I love pattern and color in my art. I realize now that I inherited my visual aesthetic from both of my parents. My father was trained as a machinist, and made sculpture from clay and metal. My mother loved decorating our home with bright colors, textured fabrics, and antiques.
At age three, I began drawing and making sculpture. My father encouraged me to create by bringing home erector sets and building three-dimensional objects. After high school, I wanted to study art but, my father who had encouraged me to become an artist, insisted that I get a liberal arts education first.
I attended the Cornell University for two years, and Columbia University’s School of General Studies, where I married in my junior year. After graduating, I enrolled in the National Academy School of Art where I took classes in anatomy, drawing, sculpture and etching.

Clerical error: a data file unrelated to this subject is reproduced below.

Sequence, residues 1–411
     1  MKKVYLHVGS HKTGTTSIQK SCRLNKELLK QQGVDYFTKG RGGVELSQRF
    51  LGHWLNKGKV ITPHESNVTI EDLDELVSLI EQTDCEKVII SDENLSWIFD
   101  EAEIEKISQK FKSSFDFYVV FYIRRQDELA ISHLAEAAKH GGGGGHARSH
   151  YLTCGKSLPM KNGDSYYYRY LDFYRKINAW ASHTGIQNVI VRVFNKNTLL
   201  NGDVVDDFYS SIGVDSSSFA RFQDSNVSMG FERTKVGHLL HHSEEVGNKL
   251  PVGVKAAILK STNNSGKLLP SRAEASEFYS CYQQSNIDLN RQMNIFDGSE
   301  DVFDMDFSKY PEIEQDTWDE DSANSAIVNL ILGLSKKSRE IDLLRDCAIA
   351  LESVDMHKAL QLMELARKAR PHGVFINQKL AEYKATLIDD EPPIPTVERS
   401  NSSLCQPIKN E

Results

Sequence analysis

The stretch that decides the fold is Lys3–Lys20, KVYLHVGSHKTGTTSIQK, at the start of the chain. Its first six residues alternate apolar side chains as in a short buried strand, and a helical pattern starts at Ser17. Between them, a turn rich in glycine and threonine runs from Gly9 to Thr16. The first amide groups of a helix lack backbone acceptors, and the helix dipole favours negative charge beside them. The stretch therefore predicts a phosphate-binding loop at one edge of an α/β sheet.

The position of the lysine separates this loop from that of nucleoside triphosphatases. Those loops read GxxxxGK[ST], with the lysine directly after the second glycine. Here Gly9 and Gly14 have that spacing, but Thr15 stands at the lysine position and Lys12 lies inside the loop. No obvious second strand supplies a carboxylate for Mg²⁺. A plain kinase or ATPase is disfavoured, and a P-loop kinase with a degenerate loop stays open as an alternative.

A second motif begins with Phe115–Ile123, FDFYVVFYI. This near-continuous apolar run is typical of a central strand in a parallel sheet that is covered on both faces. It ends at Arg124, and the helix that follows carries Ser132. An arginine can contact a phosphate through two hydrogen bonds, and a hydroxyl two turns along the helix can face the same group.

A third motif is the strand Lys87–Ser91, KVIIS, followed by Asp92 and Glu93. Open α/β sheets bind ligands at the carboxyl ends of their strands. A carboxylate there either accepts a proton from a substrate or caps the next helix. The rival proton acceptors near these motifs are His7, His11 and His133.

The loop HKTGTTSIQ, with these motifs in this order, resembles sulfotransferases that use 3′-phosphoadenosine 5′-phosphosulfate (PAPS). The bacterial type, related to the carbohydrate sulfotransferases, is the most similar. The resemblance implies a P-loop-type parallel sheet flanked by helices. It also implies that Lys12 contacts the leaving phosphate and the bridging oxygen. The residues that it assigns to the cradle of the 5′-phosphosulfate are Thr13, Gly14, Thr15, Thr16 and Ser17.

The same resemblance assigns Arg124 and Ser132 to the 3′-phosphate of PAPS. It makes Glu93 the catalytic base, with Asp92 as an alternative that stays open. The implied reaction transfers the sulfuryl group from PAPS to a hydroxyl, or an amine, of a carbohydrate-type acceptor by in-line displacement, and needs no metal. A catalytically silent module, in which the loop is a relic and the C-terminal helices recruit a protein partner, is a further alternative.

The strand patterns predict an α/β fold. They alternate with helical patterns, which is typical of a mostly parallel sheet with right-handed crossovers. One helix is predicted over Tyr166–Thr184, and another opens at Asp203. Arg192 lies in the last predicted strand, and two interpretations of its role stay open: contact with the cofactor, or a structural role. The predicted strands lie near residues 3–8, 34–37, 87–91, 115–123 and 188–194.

Although I continued making art, I spent most of my time raising my family, and working with my husband. After fifty years, the Internet transformed our business, and we retired.
This freed me to become a full time artist. Although I have been a practicing artist for many years, I continue to find the creative process mysterious and exciting. I am inspired by nature and its patterns, shapes, textures, the interactions of colors, and contrasts of light and dark.
I love when others resonate with my artwork – a clay sculpture, a watercolor or a painting – I am especially grateful. This brings me great joy.